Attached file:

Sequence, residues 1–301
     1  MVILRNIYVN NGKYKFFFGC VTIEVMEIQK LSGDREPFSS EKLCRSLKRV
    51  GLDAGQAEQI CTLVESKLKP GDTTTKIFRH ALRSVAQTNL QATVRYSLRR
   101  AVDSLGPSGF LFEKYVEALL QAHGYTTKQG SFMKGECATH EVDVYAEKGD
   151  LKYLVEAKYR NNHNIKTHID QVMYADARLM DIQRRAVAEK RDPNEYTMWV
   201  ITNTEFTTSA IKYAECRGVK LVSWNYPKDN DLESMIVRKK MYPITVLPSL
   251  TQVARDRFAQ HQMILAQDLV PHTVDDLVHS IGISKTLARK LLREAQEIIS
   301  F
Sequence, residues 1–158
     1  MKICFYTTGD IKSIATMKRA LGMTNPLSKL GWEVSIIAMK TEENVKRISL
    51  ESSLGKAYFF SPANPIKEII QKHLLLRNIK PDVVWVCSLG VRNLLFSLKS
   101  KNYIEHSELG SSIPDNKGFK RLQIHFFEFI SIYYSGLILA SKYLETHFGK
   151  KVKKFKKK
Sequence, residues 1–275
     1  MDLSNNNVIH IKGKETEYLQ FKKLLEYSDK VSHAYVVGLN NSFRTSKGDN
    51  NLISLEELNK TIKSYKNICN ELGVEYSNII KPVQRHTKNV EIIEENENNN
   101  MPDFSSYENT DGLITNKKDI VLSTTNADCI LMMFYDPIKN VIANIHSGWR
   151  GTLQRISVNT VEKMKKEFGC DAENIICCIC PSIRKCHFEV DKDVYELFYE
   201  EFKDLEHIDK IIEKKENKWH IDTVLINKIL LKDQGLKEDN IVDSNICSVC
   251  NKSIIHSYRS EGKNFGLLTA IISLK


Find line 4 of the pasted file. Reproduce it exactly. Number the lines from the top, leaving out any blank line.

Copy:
   101  AVDSLGPSGF LFEKYVEALL QAHGYTTKQG SFMKGECATH EVDVYAEKGD